Are High-Achievers Hiding ADHD, Using Adrenalin as a Drug, and Wreaking Havoc on Their Health?
A Look into ADHD and its Unexpected Forms
A few years ago, I read a Facebook post about a woman who was diagnosed with ADHD at 52 after a lifetime of exceptionally high achievement. She found out about the diagnosis of her ADHD through her son’s diagnosis. It struck me like lightning since I had associated ADHD with the inability to complete tasks and being distracted in ways inhibited achievement. The article opened my eyes to a type of ADHD I’d never considered. I’ve come full circle to see that I, too, may have been using adrenalin as my drug, stress as my coping mechanism, and a host of adaptations to overcome undiagnosed ADHD. I was smart, compliant, and forced myself to work harder than everyone else all the time. And the stress it put on my body took its toll. I can see how this might be a medical epidemic for many of my high-achieving friends (and their kids!)
First, the excerpt from the prescient Facebook post
I want to share my story, if you are wondering whether or not you should help your kiddo [with ADHD] because I have heard from a few parents, “Oh, they seem to be doing fine” and that has begun to worry me. You see, I totally did “fine”. In fact, I was crazy successful as a child on literally all fronts:
ACADEMICALLY: Graduated second in my class at the most prestigious prep school in Minnesota, graduated with honors from an Ivy League and got a 4.0 in graduate school.
ATHLETICS: I was captain of my volleyball team and lettered all 3 years of high school. LEADERSHIP: President of every club I ever joined.
Yep, I was “ok”, maybe even super successful. But I want to share with you what I have since learned was the toll that success took on me as I unknowingly navigated life with a neural atypical brain.
In order to focus, I NEEDED ADRENALIN [capitalization added]. Some people with ADHD focus better under stress - and I did - so I FABRICATED STRESS IN ORDER TO GET THINGS DONE: [Caps added]
- Adding more work to my schedule than I needed to (I did the extra credit even though I already had 100% in the class)
- Working harder on a paper than I needed to (In graduate school, my thesis advisor told me, “You are done with the paper. Give it to me. I am going to give you an A.” And I revised it two more times.
- Taking on leadership roles, volunteer jobs, everything “extra” I could…
I have often joked about being a “recovering stress-aholic” with adrenalin being my drug of choice. Only now to realize just how serious it really was.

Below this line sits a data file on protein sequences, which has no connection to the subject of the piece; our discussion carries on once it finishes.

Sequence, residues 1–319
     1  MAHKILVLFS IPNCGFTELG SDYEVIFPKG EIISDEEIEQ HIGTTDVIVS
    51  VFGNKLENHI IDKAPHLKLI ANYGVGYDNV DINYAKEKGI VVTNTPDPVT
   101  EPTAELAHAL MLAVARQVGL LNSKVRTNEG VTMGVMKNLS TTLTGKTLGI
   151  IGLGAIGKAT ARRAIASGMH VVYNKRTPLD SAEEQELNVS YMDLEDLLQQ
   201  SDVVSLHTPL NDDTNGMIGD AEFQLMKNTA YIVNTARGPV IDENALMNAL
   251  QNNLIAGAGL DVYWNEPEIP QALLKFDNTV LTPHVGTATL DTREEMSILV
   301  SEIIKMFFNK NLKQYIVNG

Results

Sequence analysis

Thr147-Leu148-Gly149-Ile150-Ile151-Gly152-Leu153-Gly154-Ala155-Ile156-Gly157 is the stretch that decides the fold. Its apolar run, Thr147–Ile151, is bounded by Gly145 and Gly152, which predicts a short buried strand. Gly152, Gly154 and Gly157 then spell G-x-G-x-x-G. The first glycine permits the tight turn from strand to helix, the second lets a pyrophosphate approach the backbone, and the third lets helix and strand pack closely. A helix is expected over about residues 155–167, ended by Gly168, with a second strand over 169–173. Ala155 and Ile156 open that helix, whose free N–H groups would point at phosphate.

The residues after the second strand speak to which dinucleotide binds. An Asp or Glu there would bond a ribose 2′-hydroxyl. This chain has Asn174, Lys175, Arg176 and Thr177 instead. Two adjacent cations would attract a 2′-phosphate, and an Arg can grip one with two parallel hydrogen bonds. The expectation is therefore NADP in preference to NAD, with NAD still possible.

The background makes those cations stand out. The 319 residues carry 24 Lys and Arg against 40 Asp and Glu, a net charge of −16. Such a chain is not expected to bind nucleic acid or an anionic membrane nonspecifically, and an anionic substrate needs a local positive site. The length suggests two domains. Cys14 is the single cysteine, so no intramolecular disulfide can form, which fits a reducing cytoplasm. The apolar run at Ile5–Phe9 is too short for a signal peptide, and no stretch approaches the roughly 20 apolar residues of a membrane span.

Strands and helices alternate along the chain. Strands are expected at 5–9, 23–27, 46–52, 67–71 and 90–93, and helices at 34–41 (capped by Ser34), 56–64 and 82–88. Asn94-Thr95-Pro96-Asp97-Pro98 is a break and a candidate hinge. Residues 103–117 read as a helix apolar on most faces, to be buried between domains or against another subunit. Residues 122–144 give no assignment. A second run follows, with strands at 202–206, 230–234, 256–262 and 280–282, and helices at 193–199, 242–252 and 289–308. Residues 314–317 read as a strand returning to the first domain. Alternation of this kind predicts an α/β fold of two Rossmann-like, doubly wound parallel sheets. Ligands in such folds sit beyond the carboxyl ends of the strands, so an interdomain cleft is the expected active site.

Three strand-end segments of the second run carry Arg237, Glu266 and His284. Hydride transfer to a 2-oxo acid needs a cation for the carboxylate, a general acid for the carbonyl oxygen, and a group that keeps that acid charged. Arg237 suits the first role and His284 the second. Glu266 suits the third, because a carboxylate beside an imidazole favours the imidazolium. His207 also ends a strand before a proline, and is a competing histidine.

That constant stress wreaked havoc on my body. When you are under stress, certain “secondary systems” (body systems that aren’t crucial when in the flight or flight response) don’t get energy. The systems are digestion, immunity, and reproduction.
By the time I was 21, I had worn out my immune system. I was diagnosed with neutropenia, a seriously low white blood cell count. I also have a very messed up digestive system.
When I first read this article, I was in the middle of my own journey of discovery about my children and my family. It started when I met a brilliant programmer at work who told me that he realized he had ADHD when his son was diagnosed. His whole life, people had told him “he wasn’t living up to his potential,” and only now was he learning that despite his incredible intelligence, desire, and effort, it was because of an actual neurological challenge. He felt hurt and angry that he had wasted so much time without having compassion from others or from himself for his constant distraction. At home, things were tricky too; when he tried to make lunches for his kids, he would get distracted creating the most magical art on their lunch bags and had dificulty getting them them to school on time. I had deep empathy because I realized I had been unfairly irritated and harsh on my creative, spontaneous, distracted husband, who I thought also had undiagnosed ADHD. I classified ADHD as something that caused underachievement through noticeable distraction and inability to finish tasks - something that certainly didn’t apply to me…
Then during COVID, homeschooling my daughter, it took her 2-3 hours to do 30 minutes of work. My husband and I became locked in a battle. He thought she was being obstinate, and I thought she was trying, wanted to make us happy, but was having a problem. “Just pretend she has autism,” I’d say. “If you can help her through the first 25%, she does amazing work on the rest.”
My husband mentioned offhandedly that he had a lot of trouble paying attention to reading when he was a kid and that maybe he had undiagnosed ADHD. He said he would read things over and over and could never remember what he read. My sweet 9-year-old pondered at bedtime, “I think Dad may have given that thing to me. Can I get tested?” Her teachers did not think she had ADHD because she got all As, was not hyper in the least, and was always compliant. She got tested, had Attention Deficit Disorder - Inattentive (without the Hyper). She went on Adderol, and THRIVED in school, friendships, and life. She takes her meds every day, cleans her room, uses planning schedules, and does homework early.
While I was filling out all the paperwork to help my first daughter, I thought the the second daughter had even more expression. Eventually, she was diagnosed as well, but with a different type of ADHD - Hyperactive. This includes more impulsivity, impatience, sensory problems, and infinite energy.